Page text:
Wednesday, 11 February 2015

The Great Breastfeeding Debate

When girl friends and relatives had learnt that I was pregnant, their constant reminder was, "Try breastfeeding." Back then, my response was always "why not?" Or "why shouldn't I?" It was only when I have given birth when I realised that the struggle to breastfeed was real.

First, it was frustrating that in-laws, parents, and random strangers are frustrated that you're not breast feeding despite the assurance of nurses and my OB that the milk would eventually flow after three days or so. There was a sudden panic-attack of "what if I don't have milk? Will my baby be deprived of its health benefits? Am I a good mommy?"

While I was still in the hospital, I began googling for "food to improve lactation" and even "why is there no milk in me?" Or "how to get rid of annoying unwanted advices from strangers." (joke!) It was not even helpful that other mommies in the hospital, regardless if you know each other or not, would seem to wonder why you don't have milk yet since theirs started leaking while they were on their first trimester. "It will come in, people! I will text you all when it did."

Of course, when it finally did came in, there was no sudden gush of le precious milk right away. It started with a few drops of yellowish liquid colostrum - said to be the healthiest part of a breast milk - before white milk would come in a few more (sigh) days after. So, white milk or none, we still breastfed baby Charley every day.

A hungry baby figuring out how to latch and suck without drowning or starving herself and hurting me in the process can be tiring, too. When I'm exhausted from lack of sleep (since our yaya has gone awol for holidays), it's not easy to be patient all the time especially since baby Charley seems to be hungry every hour. Not to mention my roommate and my mom were constantly asking, "Are you sure she's getting enough milk from you?"

Sometimes, I would really wish to give up and give in to exclusive formula-feeding.

But I didn't.

Good thing I didn't.

We would offer to breastfeed her first before giving her formula milk. Yes, that meant regardless if she's getting any milk or not. That way I could get use to the process and baby Charley would make my body think that I needed to produce milk soon -- for everyone's sanity. It was only after a couple of days that we were able to "drain" the colostrum and the white milk finally (yay!) flowed.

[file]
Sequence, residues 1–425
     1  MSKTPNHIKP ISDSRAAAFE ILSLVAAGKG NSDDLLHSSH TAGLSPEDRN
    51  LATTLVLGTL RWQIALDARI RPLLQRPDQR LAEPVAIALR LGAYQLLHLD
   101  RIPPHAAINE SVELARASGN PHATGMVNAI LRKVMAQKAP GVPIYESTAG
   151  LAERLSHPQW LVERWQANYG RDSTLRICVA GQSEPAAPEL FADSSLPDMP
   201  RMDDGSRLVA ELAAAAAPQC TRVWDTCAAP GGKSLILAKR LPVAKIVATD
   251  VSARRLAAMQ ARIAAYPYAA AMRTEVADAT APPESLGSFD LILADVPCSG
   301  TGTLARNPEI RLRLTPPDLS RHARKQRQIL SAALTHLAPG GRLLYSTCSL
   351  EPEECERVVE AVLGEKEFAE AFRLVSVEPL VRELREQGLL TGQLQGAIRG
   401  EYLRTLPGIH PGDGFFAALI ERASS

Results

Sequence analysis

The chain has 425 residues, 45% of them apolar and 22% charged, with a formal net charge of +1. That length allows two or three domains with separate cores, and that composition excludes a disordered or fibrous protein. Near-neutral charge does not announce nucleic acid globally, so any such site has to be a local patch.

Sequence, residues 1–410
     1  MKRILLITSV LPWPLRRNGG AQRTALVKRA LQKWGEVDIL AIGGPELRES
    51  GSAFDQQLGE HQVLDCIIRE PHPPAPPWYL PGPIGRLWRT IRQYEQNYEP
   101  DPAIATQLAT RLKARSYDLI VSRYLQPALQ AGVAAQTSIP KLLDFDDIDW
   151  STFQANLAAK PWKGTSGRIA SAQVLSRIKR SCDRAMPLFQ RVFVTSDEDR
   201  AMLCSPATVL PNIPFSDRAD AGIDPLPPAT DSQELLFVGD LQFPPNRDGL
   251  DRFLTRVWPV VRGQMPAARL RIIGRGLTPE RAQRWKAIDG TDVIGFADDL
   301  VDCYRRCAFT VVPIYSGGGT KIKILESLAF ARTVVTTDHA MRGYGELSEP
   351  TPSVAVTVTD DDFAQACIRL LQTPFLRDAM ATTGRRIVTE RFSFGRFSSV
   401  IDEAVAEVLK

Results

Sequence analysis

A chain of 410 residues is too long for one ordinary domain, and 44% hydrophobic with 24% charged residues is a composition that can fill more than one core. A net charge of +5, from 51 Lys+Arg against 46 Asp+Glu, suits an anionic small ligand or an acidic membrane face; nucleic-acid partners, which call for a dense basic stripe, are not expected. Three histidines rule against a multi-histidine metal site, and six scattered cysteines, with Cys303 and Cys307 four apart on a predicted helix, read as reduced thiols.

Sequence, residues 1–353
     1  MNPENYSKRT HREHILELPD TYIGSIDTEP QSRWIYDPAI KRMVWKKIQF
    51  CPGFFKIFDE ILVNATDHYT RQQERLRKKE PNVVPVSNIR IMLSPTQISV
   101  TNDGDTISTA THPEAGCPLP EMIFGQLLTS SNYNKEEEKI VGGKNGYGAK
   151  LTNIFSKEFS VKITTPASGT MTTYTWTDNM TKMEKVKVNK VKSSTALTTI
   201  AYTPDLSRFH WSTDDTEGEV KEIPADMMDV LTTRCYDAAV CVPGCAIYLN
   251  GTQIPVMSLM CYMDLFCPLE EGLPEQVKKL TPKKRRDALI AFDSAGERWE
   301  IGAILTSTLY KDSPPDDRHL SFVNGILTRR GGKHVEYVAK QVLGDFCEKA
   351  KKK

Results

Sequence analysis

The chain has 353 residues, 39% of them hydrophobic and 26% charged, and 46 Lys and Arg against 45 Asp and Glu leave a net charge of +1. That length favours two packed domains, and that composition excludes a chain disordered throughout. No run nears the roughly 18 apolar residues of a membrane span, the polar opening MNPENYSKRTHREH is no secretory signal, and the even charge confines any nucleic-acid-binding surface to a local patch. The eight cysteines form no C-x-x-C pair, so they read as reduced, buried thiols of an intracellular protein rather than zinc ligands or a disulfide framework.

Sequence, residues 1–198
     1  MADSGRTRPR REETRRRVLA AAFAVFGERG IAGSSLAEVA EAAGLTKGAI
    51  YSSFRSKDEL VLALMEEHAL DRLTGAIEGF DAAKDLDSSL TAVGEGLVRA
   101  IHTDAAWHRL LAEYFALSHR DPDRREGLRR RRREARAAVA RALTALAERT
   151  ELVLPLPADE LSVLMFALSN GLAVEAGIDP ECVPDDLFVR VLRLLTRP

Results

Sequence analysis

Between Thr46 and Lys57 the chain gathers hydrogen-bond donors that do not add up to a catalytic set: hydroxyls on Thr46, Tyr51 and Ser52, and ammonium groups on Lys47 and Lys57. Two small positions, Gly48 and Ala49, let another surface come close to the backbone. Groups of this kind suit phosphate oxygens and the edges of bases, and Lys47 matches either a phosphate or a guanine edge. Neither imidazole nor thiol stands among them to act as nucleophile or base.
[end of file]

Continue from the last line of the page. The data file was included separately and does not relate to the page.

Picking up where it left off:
It has taken some time before baby Charley and I both figured out how to do this breastfeeding thing without disowning each other. It was a journey we both shared and we're thankful for we got that done with.

Baby Charley was not breastfed exclusively during her first few weeks. There were times that we would give her formula milk, Nan HW One, which was prescribed by her pedia while we were still in the hospital (remember, I had no milk yet back then?). We made her finish the can first, and she would drink an average of 3 bottles every day. We bought Nan HW One for almost Php1,200 so I am so not throwing that money away.

Once we had finished the can, we decided to give exclusive breastfeeding a shot. We've finished our first week and so far, baby Charley does not look underfed at all. Yes! 

I hope we could continue exclusively breastfeeding baby Charley when I go back to work. I've heard that I can pump then put the milk in the fridge, and it could last for days. I'm not sure about how to heat it though or if I should. That one we're still trying to figure out.

On the other hand, some mommies prefer not to breastfeed their babies. I know one who has very low pain tolerance and could not really take being sore. Some could not because of time or of their work schedule. My sister-in-law couldn't breastfeed my nieces before since she used to work in Makati while my nieces stayed in Batangas. Sadly, some mommies just didn't have enough milk.

Baby Charley and I are very fortunate that I could still breastfeed her, but we still have very high respect for mommies who gave their babies formula milk instead. No judgment ika nga. After all, what matters is that the baby is well-fed and loved....breastfed or not.


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